Robert Mugabe baffles Zimbabwe by addressing nation without resigning
Zimbabwe's President Robert Mugabe has baffled the country by ending his address on national television without announcing his resignation.
The ruling party's Central Committee just hours earlier told him to resign as president by noon Monday or face impeachment proceedings the following day.
Zimbabweans gathered in expectation of a celebration. Instead, Mugabe appeared to hint at challenging the ruling party, which has expelled him as its leader, by trying to stay on.
Mugabe made a reference to presiding over a party congress next month. "The congress is due in a few weeks from now. I will preside over its processes, which must not be possessed by any acts calculated to undermine it or compromise the outcomes in the eyes of the public."
Officials close to the talks between Mugabe and the military had said Mugabe was resigning.
The 93-year-old Mugabe has been under house arrest since the military moved in Tuesday, angered by his firing of his longtime deputy and the positioning of unpopular first lady Grace Mugabe to succeed him.
Mugabe tried to buy time in negotiations with the military on a dignified exit but quickly found himself isolated.
Tens of thousands of people poured into the streets of the capital Saturday to demand that Mugabe, one of Africa's last remaining liberation leaders, step aside after overseeing the once-prosperous country's economic collapse.
The deputy that Mugabe fired, former Vice President Emmerson Mnangagwa, is poised to be Zimbabwe's next leader after the Central Committee made him its nominee to take over when Mugabe goes.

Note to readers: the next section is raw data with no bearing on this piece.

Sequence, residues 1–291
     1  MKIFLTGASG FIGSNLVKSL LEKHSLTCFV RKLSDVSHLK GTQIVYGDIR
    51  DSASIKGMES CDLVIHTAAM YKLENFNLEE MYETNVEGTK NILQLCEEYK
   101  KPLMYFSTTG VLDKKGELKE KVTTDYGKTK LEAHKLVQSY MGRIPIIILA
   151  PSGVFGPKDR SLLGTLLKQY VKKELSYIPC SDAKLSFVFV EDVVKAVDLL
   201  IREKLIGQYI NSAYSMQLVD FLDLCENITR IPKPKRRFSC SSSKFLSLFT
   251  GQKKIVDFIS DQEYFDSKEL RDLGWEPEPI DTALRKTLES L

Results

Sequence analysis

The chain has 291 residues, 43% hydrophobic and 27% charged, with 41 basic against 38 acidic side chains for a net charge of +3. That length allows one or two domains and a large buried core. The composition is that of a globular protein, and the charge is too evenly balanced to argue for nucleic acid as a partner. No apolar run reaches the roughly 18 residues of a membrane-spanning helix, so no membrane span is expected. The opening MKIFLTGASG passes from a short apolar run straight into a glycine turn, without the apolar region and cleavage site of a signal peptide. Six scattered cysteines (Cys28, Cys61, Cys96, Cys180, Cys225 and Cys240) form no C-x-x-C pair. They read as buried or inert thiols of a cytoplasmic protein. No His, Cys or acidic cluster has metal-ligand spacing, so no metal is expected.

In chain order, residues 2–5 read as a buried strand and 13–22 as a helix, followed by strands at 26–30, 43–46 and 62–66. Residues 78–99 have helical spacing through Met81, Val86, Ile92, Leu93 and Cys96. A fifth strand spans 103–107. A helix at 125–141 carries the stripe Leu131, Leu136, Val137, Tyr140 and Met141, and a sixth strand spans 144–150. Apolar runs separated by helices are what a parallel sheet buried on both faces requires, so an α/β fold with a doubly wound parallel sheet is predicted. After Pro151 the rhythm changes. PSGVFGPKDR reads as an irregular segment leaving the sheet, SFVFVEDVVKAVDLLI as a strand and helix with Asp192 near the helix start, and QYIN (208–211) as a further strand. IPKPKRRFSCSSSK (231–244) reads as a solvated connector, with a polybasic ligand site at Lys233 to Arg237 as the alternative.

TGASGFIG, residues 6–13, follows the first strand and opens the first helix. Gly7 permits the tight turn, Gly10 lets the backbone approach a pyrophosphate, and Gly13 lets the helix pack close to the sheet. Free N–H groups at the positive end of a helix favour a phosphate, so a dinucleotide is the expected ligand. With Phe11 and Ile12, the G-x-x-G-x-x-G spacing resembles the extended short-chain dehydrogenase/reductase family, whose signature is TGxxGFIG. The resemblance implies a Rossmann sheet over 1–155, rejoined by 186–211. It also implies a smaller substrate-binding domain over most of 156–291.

After holding an emergency meeting Sunday, Zimbabwe's ruling party central committee had said that Mugabe must resign as president by noon Monday or impeachment proceedings will start. Parliament was set to resume on Tuesday in order to begin impeachment proceedings.
A party source said the president's wife, Grace Mugabe, has been expelled from the party. Grace became head of the ZANU-PF Women's League in 2014, giving her a seat at the party's top table.
Grace Mugabe, 52, was reported to have been placed under house arrest in the capital, Harare, last Wednesday, along with her husband..
Without the military's intervention last week, many observers say she likely would have replaced Mnangagwa as vice president and been in a position to succeed her husband.
Innocent Gonese with the MDC-T party said they had been in discussions with the ruling ZANU-PF party to act jointly.
"If Mugabe is not gone by Tuesday, then as sure as the sun rises from the east, impeachment process will kick in," Gonese said.
As the pressure for Mugabe to step down continued Sunday, he held talks with army commander Constantino Chiwenga. They were the second round of negotiations on an exit as the military tries to avoid accusations of staging a coup.
Zimbabwean officials have not revealed details of the talks, but the military was said to be favouring a voluntary resignation by Mugabe to maintain a veneer of legality in the political transition.
Mugabe, in turn, could use whatever leverage he has left to try to preserve his legacy as one of Africa's liberation leaders or even protect himself and his family from possible prosecution.
Earlier Sunday, Chris Mutsvangwa, head of the country's liberation war veterans, said he was concerned that the military could end up opening fire to protect Mugabe from protesters. He vowed to "bring back the crowd" if the president didn't step aside.
"We would expect that Mugabe would not have the prospect of the military shooting at people, trying to defend him," Mutsvangwa said. "The choice is his."